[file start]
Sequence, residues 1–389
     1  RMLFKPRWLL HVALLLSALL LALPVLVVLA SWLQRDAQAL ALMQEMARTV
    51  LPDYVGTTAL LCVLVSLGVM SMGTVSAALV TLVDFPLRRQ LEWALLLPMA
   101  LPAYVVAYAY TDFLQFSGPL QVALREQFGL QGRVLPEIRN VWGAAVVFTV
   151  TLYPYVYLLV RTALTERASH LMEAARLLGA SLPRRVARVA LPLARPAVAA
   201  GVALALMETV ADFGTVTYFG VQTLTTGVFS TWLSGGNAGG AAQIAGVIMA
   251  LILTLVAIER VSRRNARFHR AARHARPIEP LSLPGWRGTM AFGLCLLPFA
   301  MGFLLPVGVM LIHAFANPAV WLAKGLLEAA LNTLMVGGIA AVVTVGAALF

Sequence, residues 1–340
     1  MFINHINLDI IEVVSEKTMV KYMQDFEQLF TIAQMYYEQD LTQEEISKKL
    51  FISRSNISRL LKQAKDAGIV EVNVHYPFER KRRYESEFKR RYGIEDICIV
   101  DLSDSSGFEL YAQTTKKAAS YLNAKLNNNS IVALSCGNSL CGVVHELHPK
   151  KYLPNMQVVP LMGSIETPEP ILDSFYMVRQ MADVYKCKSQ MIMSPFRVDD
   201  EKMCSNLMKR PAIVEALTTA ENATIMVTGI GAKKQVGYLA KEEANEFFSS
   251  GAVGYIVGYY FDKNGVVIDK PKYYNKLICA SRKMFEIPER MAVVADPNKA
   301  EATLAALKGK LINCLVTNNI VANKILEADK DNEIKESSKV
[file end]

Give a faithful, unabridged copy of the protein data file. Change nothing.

Sequence, residues 1–389
     1  RMLFKPRWLL HVALLLSALL LALPVLVVLA SWLQRDAQAL ALMQEMARTV
    51  LPDYVGTTAL LCVLVSLGVM SMGTVSAALV TLVDFPLRRQ LEWALLLPMA
   101  LPAYVVAYAY TDFLQFSGPL QVALREQFGL QGRVLPEIRN VWGAAVVFTV
   151  TLYPYVYLLV RTALTERASH LMEAARLLGA SLPRRVARVA LPLARPAVAA
   201  GVALALMETV ADFGTVTYFG VQTLTTGVFS TWLSGGNAGG AAQIAGVIMA
   251  LILTLVAIER VSRRNARFHR AARHARPIEP LSLPGWRGTM AFGLCLLPFA
   301  MGFLLPVGVM LIHAFANPAV WLAKGLLEAA LNTLMVGGIA AVVTVGAALF

Sequence, residues 1–340
     1  MFINHINLDI IEVVSEKTMV KYMQDFEQLF TIAQMYYEQD LTQEEISKKL
    51  FISRSNISRL LKQAKDAGIV EVNVHYPFER KRRYESEFKR RYGIEDICIV
   101  DLSDSSGFEL YAQTTKKAAS YLNAKLNNNS IVALSCGNSL CGVVHELHPK
   151  KYLPNMQVVP LMGSIETPEP ILDSFYMVRQ MADVYKCKSQ MIMSPFRVDD
   201  EKMCSNLMKR PAIVEALTTA ENATIMVTGI GAKKQVGYLA KEEANEFFSS
   251  GAVGYIVGYY FDKNGVVIDK PKYYNKLICA SRKMFEIPER MAVVADPNKA
   301  EATLAALKGK LINCLVTNNI VANKILEADK DNEIKESSKV